Using an Educational Online Game to Stimulate Learning

Using an Educational Online Game to Stimulate Learning

Louise Sauvé (Télé-université /SAVIE, Québec, Québec, Canada)
DOI: 10.4018/978-1-61520-713-8.ch009
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Digital games are increasingly being seen as effective learning resources. This is especially true because of how society is being transformed by the technological revolution, with adolescents as the key players in this transformation. In order to diversify teaching methods, schools in Quebec have been experimenting with educational games. This chapter reports on research that was based on a single group, pretest-posttest design. The findings showed that the online game STIs: Stopping the transmission, supported learning in terms of structuring of knowledge and integration of information for youth between the ages of 14 and 15. Several recommendations for further research have been made in the discussion.
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Educational professionals and theorists have mixed feelings as to the effectiveness of games as learning tools: games are very much used in primary schools, but secondary schools, colleges and universities have resisted their use. It appears that few of these institutions are exploring the educational potential of games. In many countries, the educational potential of computer games has been ignored (Piette, 2005; Prensky, 2006). In Europe, a study led by the European Union demonstrated a gap between the use of Internet at home and at school (Union européenne en éducation des médias, 2006). Many of the important uses for young people exist outside of school. For example, basics are learned mostly through self-teaching and learning with peers. These are important uses made available by educational online games.

The border between the virtual world of gaming and the real world of learning is still not clearly defined. According to Lisowki (2007), playing games and learning are two activities that make almost identical intellectual demands. The main difference lies in the context and environment in which the activity takes place. Educational games may provide a bridge between the virtual and real worlds to promote learning. But what do we mean by the term educational games?

A game is a fictitious, whimsical or artificial situation in which one or many players are put in a position of competition. Sometimes players square off against one another and at other times they are on the same side and are pitted against other teams. The game is governed by rules which structure their actions in view of a learning objective (educational game) and a purpose determined by the game such as to win or to take revenge. The notion of ‘artificial’ refers to a fictional activity with no referent in reality (e.g., Tic Tac Toe, Bingo) or one that is outside of the norms of reality. By placing oneself in a fictional situation, a player (or players) can experience fun by playing out imaginary and sometimes unrealistic situations (Sauvé and Chamberland, 2006).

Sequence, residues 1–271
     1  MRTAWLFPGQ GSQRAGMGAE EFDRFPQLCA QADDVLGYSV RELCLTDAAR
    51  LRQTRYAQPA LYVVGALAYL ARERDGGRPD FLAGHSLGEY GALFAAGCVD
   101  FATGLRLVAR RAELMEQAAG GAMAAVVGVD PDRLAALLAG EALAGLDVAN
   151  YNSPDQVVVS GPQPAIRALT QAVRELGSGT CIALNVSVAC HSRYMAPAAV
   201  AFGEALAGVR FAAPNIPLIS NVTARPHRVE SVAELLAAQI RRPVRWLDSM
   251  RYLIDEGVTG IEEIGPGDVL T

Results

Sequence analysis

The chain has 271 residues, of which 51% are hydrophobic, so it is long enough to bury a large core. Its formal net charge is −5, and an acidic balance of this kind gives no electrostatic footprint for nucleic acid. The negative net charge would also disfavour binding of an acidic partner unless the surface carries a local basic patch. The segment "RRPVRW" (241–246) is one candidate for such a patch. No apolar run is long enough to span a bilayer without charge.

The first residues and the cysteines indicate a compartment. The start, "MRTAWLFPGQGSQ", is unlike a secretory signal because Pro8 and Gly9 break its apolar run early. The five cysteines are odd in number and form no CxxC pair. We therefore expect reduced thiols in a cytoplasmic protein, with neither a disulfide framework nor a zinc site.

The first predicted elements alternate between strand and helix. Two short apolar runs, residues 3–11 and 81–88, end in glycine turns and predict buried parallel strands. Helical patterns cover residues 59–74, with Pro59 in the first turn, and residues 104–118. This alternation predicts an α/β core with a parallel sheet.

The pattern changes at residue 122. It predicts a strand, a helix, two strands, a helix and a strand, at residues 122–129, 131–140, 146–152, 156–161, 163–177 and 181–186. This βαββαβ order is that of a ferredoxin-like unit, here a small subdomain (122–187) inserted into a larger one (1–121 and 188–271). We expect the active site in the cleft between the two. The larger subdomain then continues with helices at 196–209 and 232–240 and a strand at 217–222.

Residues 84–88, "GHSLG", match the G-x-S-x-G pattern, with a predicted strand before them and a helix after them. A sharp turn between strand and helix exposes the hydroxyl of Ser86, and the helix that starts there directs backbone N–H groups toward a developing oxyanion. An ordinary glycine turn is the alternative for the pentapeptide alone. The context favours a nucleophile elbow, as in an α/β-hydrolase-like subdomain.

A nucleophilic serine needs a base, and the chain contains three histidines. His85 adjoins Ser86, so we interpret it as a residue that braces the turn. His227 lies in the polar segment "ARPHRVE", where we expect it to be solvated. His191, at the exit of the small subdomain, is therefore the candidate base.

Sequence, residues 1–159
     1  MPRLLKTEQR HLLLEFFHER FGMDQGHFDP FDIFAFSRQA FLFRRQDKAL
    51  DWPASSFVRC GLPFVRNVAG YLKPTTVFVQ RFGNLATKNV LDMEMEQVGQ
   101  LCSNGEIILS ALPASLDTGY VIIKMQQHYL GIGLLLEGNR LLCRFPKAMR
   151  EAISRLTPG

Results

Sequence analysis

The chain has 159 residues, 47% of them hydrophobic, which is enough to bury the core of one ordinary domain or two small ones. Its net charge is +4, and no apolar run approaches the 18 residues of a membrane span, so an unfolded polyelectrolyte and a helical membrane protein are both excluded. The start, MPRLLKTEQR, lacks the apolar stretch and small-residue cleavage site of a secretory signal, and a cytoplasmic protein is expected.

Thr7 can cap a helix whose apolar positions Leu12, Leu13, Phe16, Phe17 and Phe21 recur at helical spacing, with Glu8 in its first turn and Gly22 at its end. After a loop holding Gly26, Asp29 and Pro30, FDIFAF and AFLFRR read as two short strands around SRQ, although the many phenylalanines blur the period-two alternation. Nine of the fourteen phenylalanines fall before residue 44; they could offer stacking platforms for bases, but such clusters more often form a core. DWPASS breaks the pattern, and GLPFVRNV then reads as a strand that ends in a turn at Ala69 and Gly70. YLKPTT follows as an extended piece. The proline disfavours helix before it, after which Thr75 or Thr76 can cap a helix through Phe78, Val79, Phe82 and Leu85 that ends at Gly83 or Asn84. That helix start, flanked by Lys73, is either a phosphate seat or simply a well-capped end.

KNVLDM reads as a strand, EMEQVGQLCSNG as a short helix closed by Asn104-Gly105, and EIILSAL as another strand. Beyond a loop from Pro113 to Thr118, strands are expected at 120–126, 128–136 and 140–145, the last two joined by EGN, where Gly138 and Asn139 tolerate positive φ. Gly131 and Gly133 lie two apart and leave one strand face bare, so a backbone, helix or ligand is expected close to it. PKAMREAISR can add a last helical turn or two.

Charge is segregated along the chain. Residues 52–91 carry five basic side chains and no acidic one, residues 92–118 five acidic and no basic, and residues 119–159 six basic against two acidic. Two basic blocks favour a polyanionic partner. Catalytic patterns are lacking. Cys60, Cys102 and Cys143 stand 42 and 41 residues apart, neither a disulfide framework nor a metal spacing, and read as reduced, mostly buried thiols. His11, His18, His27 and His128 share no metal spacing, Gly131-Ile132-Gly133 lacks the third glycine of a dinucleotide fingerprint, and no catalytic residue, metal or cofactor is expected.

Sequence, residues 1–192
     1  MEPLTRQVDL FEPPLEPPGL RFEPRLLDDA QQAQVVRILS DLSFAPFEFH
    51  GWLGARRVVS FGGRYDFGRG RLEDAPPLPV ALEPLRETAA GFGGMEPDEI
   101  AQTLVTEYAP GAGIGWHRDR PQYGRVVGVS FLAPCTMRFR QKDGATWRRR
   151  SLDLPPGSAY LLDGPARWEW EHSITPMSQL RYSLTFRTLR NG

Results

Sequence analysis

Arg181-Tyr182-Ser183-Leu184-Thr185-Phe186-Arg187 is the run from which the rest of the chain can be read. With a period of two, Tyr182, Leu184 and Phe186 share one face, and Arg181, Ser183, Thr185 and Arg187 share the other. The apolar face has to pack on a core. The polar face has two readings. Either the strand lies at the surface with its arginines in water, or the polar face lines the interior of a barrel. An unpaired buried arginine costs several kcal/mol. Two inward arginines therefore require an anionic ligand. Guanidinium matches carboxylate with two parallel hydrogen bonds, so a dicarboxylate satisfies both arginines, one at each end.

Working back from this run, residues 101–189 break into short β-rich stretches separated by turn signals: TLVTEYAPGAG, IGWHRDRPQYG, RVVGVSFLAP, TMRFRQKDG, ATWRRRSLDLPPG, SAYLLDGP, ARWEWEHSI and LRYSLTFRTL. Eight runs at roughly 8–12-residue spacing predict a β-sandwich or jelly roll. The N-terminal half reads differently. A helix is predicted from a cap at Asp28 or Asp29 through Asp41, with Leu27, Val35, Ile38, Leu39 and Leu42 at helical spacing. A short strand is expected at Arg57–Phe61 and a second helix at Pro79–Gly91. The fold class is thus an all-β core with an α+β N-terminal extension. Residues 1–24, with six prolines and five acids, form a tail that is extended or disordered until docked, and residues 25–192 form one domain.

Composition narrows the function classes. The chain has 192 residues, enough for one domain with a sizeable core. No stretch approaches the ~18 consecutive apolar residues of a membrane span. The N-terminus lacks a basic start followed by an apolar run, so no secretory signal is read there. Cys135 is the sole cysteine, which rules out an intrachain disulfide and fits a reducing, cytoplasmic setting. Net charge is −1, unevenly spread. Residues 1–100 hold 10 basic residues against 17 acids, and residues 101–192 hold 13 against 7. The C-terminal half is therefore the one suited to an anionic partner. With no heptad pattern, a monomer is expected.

In the context of this study, funded by the Social Sciences and Humanities Research Council (SSHRC, 2003-2008), we examined the impact of educational online games on cognitive learning. Based on modified rules from the board game Parcheesi, STIs: Stopping the transmission was developed as a method of health education for secondary school students between the ages of 14 and 15. In this game we aimed to create an online environment in which the player entered and progressed through the game by attaining the desired learning outcomes.

This chapter presents the results of the study involving secondary students in Quebec. They experimented with the educational online game on sexually transmitted infections. The first part of the chapter, discusses the place and the role of online games in schools. In the second part, the theoretical framework describes the type of cognitive learning that the educational game can encourage as it pertains to the structuring and integration of knowledge. The third part describes the pre-test and post-test research design used on a single group, the target population, the variables being studied, the measurement instruments, the variables of analysis, the educational game, and the successive steps in the experiment. In the fourth part, the results of the analysis starts with a presentation of the sampling, then moves on to the results in connection with the specific objectives of our study selected for this chapter in order to determine: (1) the students’ knowledge in the use of computers and the Internet as well as their perceptions of the importance of Information and Communication Technologies (ICT) and games in their learning process; (2) the degree of structuring of knowledge about sexually transmitted infections (STI), (3) the degree of integration of information on sexually transmitted infections and (4) if there is a difference in terms of learning through games according to gender. In the fifth and last part, a few recommendations are formulated in the discussion.

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